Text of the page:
and make it degrade gracefully. You should know how to escape character data and when it is
necessary to do so. You should also have a basic understanding of HTTP.

1.             Convert your webpage from chapter 3 to valid XHTML 1.1, as verified by the W3C
           Validator <>. Write a response containing an explanation of some

                                                                                          Page 40
     of the things you needed to change to make your page validate (especially if you failed the
     first try at the validator). Test your results in Firefox, ensuring that Firefox is parsing the
     document as XHTML (View Page Info should show Type: application/xhtml+xml).
     The file extension .xhtml should trigger this.

2.      Repeat exercise 1 with another webpage you find on the internet. It may be a simple
     page, but it must be an HTML webpage and it must not be a text-only page.

3.       Add a standalone JavaScript to either of the two webpages you converted to XHTML.
     This can be a JavaScript downloaded from a free JavaScript exchange site like <>, but ensure that it is one that ordinarily
     works in both Internet Explorer and Firefox. Insert it into your XHTML document using
     the script element and do not use any external files. Also remember, the script that you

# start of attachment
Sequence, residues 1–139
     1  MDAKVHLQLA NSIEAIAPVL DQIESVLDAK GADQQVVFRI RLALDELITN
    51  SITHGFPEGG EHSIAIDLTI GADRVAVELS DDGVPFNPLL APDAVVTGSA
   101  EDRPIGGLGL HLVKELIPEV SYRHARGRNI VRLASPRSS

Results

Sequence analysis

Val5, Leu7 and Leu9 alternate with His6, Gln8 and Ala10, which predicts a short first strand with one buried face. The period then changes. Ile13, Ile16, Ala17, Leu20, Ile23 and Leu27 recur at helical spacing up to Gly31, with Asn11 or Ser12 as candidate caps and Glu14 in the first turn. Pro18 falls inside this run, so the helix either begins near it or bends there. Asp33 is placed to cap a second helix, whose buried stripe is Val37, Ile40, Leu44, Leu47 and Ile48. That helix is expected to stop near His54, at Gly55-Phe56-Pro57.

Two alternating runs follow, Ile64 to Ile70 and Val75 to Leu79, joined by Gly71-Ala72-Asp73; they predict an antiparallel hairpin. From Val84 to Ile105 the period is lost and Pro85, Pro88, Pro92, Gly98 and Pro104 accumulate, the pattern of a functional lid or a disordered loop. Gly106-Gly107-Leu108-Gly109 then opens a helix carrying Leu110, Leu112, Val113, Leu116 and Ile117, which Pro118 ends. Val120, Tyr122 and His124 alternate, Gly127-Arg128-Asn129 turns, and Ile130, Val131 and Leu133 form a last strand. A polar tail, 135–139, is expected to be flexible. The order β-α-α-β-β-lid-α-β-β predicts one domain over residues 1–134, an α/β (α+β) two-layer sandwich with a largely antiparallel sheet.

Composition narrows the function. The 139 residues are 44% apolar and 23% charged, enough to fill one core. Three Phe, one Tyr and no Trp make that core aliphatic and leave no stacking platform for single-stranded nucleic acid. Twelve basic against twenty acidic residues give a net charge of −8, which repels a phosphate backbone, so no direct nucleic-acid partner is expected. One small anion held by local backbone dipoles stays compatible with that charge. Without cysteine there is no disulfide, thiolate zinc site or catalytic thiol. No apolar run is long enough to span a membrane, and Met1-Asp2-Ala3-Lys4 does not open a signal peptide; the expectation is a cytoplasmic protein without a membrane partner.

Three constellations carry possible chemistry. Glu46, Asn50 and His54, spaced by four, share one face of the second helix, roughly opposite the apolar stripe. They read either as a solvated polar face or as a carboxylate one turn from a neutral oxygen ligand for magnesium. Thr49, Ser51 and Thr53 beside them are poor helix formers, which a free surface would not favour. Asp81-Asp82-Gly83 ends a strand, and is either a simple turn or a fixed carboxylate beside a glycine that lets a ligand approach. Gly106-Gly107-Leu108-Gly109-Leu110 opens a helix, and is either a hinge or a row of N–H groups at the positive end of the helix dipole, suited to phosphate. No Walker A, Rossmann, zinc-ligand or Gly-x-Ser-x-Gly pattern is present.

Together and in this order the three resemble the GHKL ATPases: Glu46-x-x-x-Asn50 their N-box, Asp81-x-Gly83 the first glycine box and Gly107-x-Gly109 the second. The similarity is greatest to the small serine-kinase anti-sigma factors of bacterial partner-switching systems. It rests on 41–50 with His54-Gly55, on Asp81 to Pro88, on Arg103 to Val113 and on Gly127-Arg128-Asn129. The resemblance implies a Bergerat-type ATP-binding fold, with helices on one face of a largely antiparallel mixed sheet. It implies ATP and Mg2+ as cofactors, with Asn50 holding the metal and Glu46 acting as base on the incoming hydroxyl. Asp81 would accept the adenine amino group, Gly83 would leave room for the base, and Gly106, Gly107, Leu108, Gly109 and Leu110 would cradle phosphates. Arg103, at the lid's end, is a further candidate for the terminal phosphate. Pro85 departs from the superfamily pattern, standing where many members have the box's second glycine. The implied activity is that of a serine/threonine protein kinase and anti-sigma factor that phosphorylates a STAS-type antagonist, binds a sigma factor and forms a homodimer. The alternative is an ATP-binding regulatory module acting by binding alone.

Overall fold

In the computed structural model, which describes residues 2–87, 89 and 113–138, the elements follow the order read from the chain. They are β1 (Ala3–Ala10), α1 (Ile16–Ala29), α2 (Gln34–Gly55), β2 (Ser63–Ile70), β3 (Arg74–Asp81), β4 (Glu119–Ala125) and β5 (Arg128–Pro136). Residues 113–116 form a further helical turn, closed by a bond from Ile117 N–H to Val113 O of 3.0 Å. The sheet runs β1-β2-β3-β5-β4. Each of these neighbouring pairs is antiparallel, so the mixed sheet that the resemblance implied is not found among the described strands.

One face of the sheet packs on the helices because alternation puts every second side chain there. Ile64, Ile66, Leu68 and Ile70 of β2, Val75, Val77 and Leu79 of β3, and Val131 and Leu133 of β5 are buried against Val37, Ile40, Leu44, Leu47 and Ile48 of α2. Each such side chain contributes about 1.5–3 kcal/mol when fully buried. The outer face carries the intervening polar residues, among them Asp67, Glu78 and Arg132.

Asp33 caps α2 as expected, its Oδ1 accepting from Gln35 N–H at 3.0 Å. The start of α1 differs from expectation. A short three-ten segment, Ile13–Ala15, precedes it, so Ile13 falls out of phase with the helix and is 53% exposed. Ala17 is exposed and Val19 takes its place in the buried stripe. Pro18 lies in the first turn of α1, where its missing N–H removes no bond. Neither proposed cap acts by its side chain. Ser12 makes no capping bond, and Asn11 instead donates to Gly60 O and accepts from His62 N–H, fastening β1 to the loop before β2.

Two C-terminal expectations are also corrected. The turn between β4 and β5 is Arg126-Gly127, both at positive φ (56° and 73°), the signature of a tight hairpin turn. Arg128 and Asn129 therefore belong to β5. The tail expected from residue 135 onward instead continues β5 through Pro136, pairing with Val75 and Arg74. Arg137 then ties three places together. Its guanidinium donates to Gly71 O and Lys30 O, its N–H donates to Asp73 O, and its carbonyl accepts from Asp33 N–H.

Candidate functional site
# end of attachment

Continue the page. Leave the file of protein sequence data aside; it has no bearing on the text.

choose cannot use the document.write function.

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7.1   DTDs and Schema
The principle of documentation still applies to XML. Even though you might create an XML
vocabulary that is so simple, since anyone could understand what a name or address element is,
someone who is newly introduced your vocabulary needs to know which items are parents, which
are children, what they contain, what attributes are available, what their default values are, etc. Do
not document your XML vocabulary on sticky notes! There is a much better solution available, and it
is the Document Type Definition (DTD). Contrast the word Definition with Declaration, because the
Declaration that you place in your XML document declares the Definition, which will often be its
own .dtd file.